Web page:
Some representative examples will be presented to give an idea about the treasures of the Arabric heritage in various fields of physical sciences including optics, mechanics, materials science, (physical metallurg), geophysics, astrophysics...
Science and Technology Islamic Heritage:
After the fatll of the Western Roman Empire (475 A.D), which righly marks the start of the Dark Ages, little or no scientific progress was made in Eutopre for a great while.
In 642 A.D. Alexandria fell to the Muslims, and by the end of the Seventh century the lands of Islam extended from Persia across the Southern Coast of the Mediterranean to Spain. The center of Scholarship shifted to Islam world, where, in Brifault's words:
“... the patient ways of investigation, the accumulation of positive knowledge, the minute methods of science, detailed and prolonged observation and experimental inquirry were altogether” the basis of the Islamic culture. The achievements of the Middle Ages and creation of the experi-mental spirit were primarily due to the Muslims down to the 12th century. Barely a hundred years after the Prophet's death. The Muslims hand made it their task to master the then-known sciences.
With feverish haste, but systematically, they translated the entire corpus of the then-known knowledge in their religious language, Arabic. Founding institutes of advances study (Bait-ul- Hikma), they acquired, an absolute ascendancy in the sciences that lasted fot the next 350 years.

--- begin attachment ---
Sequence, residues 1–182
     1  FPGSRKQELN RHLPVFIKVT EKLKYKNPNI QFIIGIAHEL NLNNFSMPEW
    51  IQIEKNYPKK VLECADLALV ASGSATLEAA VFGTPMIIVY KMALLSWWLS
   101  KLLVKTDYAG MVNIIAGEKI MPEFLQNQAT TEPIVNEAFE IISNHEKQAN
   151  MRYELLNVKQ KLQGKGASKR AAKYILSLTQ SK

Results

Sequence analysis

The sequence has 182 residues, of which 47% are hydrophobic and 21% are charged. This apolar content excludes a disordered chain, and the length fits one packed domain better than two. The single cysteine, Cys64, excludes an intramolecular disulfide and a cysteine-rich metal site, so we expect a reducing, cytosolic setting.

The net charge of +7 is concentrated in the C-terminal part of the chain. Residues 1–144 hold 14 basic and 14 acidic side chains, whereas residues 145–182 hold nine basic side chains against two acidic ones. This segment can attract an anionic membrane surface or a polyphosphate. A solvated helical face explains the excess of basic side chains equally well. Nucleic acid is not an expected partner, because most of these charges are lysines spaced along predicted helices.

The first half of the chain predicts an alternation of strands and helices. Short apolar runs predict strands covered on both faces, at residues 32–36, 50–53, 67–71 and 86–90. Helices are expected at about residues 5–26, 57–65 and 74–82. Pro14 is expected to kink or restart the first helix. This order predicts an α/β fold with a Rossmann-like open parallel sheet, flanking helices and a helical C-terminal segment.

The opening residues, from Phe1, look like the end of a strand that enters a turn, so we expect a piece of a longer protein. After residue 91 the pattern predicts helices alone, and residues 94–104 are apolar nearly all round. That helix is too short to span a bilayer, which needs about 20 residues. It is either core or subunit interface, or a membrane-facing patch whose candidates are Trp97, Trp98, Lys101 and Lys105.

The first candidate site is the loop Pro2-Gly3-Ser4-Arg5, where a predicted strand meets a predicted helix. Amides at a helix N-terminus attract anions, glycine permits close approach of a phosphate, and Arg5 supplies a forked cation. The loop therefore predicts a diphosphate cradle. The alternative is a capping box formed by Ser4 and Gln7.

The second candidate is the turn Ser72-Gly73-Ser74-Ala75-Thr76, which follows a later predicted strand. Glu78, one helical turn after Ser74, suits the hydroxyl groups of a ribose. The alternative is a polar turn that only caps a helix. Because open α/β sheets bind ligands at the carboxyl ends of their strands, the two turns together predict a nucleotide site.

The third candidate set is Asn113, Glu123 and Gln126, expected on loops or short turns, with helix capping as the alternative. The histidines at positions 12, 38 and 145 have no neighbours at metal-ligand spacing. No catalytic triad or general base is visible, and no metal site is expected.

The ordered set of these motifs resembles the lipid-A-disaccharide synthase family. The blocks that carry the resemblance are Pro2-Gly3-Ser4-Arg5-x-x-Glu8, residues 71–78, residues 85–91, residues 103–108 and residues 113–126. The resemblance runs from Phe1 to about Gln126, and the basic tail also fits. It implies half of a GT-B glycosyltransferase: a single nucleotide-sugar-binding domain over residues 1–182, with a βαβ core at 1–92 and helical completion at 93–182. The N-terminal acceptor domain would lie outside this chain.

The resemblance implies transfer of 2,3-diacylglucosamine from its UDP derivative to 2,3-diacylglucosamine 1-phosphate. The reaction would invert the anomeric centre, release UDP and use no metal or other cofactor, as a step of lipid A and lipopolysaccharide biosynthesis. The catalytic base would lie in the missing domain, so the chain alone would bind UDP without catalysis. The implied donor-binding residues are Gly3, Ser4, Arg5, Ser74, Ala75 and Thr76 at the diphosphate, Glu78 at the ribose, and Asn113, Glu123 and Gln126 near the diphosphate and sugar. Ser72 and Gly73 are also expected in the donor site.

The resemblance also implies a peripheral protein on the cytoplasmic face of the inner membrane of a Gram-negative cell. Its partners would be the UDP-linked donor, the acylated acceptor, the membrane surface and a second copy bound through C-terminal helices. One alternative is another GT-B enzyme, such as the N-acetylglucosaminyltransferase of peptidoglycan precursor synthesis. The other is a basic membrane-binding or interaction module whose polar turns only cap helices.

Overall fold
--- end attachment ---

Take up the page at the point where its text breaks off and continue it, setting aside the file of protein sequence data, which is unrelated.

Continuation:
A semi-quantitative measure of this is given by George Sarton in his monumental “History of Science”. Sarton divides his story of the highest achievemet in science into Ages, each Age lasting 50 years. With each, he associates one central figure: thus 500-450 BC is the Age of Plato, followed by the Ages of Aristotle, Euclid, Archimedes and so on.
From 750 to 1100 CE, however, it is an unbroken succession of the Ages of Jabir, Khwarizmi, Razi, Masudi, Abu'l-Wafa, Biruni and Omar Khayam.
In those 350 years, Arabs, Turks, Afghan and Persians- chemists, algebraists, clinicians, geograpers, and mathematicians, physicists and astronomers of the commonwealth of Islam-held the world stage of sciences.
Only after 1100 CE, in Sarton's scheme, do the first Western names begin to apear; however for another 250 years, they share the honours with men of Islam like Ibn Rushd, Nasir-ud-din Tusi and Ibn Nafis.
An important reason for the success of the scientific enterprise in Islam was its international character. The Islamic commonwealth itself cut across nations and colour; and early Muslim society was tolerant of men from outside it, and of their ideas.
In the following, these thoughts will be eluciclated for some branches of science and technology.
a) Theory of Vision:
Islamic achievements in optics were solidly based on the foundation laid by the ancient Greeks. Greek optics was primarily a theory of vision, and it was a subject of varied discussions initiated by Euclid, Ptolemy, Aristotle, Galen and others. The manner in which the eyes function was a point of great misconception until al-Hasan Ibn-al- Haytham alias Alhazen (965- 1039) formulated a theory of vision quite distinct from any other that had existed earlier. Ibn-al-Haytham derived the idea that vision occurs when a “form” emanating from the object enters the eye. To achieve this theory, Ibn-al-Haytham followed, for the first time, an inductive menthod based on observation, experiment, casuality and uniformity of nature.
He used the methods of agreement and concomitant variation to elaborate the casue and effect.